The article, “A European View of Additive Manufacturing: Rethinking Injection Molds,” published in the March 2019 issue of MoldMaking Technology, explains how overseas business models and applications of medal additive manufacturing (AM) promise to improve or invent functionalities integrated into molds and tools.
The story describes how customers in the U.S. demand conformal cooling, while German companies are buying molds and dies from the U.S. because the shops have made a name for themselves when it comes to highly productive tools based on conformal cooling, but there are interesting new developments and applications evolving in Europe too. The story goes on to explain the importance of establishing close partnerships and the increasing demand for more automated processes and integrated process chains, which is shifting AM technology into the core business of tool and moldmakers. Siemens’ customer, Germany-based Toolcraft, is one company that has made that shift.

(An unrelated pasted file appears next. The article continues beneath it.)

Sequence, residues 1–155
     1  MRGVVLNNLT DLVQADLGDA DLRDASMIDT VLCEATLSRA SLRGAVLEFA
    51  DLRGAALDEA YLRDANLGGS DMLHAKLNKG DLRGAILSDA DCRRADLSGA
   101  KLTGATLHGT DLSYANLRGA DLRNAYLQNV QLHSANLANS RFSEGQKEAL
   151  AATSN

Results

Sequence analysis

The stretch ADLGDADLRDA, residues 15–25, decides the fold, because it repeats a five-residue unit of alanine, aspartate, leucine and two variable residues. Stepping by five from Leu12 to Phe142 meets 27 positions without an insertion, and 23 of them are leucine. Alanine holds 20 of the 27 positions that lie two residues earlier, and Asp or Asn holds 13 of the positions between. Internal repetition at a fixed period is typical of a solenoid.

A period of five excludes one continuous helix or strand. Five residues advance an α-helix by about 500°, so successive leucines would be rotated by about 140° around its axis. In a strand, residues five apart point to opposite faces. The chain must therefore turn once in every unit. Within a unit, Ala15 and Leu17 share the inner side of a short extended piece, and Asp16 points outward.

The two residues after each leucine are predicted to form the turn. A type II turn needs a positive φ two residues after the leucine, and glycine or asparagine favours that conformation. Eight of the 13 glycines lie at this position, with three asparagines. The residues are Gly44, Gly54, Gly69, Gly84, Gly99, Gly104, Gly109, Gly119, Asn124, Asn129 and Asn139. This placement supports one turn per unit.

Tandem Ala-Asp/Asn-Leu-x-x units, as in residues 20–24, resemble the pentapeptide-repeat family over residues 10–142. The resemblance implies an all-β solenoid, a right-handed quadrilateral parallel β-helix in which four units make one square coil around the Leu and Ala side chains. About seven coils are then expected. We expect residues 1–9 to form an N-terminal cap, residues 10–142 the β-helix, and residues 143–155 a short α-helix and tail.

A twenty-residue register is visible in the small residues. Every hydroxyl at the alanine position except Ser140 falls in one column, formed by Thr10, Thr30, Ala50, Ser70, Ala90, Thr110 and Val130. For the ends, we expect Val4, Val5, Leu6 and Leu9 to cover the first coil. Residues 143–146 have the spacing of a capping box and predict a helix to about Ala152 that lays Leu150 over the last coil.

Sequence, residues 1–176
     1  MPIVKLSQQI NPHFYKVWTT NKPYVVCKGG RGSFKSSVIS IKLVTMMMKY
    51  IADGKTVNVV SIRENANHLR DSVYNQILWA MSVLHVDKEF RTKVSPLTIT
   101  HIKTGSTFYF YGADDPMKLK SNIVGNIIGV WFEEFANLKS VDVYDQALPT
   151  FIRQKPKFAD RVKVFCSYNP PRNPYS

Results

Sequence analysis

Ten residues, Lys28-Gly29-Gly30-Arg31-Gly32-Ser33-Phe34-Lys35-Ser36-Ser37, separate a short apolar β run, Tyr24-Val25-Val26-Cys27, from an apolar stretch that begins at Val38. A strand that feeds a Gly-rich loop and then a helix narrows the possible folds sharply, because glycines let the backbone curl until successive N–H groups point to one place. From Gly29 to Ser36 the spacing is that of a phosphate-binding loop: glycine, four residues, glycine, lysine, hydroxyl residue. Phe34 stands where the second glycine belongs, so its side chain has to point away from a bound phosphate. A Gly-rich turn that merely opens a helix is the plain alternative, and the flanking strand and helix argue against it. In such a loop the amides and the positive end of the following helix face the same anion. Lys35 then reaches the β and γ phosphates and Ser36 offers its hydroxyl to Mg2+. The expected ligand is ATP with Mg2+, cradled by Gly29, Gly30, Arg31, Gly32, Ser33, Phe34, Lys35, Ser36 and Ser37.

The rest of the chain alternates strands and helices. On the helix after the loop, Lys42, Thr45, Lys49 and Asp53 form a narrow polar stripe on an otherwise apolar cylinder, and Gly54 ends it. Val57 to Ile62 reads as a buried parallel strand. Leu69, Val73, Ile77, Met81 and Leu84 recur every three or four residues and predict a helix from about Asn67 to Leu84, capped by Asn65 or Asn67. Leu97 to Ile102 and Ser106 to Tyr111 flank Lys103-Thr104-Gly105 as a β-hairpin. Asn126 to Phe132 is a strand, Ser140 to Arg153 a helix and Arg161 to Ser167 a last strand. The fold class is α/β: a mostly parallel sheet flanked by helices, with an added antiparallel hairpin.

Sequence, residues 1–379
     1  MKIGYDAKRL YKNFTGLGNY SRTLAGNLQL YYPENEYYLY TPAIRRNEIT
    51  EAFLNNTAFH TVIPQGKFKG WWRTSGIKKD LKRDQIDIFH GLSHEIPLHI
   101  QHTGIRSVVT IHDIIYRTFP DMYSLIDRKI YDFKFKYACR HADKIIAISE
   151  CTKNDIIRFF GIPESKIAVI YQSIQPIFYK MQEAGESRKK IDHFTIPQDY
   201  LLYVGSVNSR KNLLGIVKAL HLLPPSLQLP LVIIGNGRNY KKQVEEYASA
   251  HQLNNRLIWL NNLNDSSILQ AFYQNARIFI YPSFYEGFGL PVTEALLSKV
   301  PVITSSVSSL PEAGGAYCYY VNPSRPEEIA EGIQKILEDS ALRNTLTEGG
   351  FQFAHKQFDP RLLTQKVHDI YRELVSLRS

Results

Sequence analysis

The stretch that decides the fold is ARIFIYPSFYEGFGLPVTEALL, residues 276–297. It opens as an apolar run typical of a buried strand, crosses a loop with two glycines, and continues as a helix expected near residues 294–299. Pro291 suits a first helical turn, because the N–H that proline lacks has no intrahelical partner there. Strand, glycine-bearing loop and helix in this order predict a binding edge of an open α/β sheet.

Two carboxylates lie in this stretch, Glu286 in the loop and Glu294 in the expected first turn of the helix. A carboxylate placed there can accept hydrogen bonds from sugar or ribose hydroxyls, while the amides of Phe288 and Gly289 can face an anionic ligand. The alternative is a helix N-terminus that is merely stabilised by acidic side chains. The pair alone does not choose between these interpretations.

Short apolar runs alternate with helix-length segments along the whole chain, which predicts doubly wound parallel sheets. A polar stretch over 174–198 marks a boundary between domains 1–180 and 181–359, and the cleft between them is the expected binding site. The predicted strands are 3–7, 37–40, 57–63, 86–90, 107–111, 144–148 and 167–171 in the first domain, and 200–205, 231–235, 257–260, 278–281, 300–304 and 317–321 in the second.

Toolcraft is quoted extensively:
The (Toolcraft) company is running Trumpf, EOS and Concept Laser machines (eight in total) and has realized a digital process chain that is consistent and traceable for all process steps. This is very important for the company that not only manufactures tools and molds, but also aerospace parts for which they are NADCAP-certified for non-destructive testing (NDT). “Introducing one software, Siemens NX, enabled us to get rid of isolated 3D-printers and four different software packages with numerous interfaces and formats,” CEO Christoph Hauck, says. “We work closely with our partners, including Siemens, which is paramount for our success.”
“Using one software for design, topology optimization and FEM to verify the design has also helped to redesign a customer’s mold tool,” he explains. The mold design is similar to the one designed by Protiq (described earlier in the story) where the complete mold design is rethought. Instead of merely adding conformal cooling channels to mold inserts, this mold is additively designed using less material and standard parts and plates as conventional tools. According to Toolcraft, the mold is 50-percent lighter than its customer’s original design, which means less energy consumption during the injection molding process, 30-percent reduction in cycle times and faster production while keeping the costs at the same level.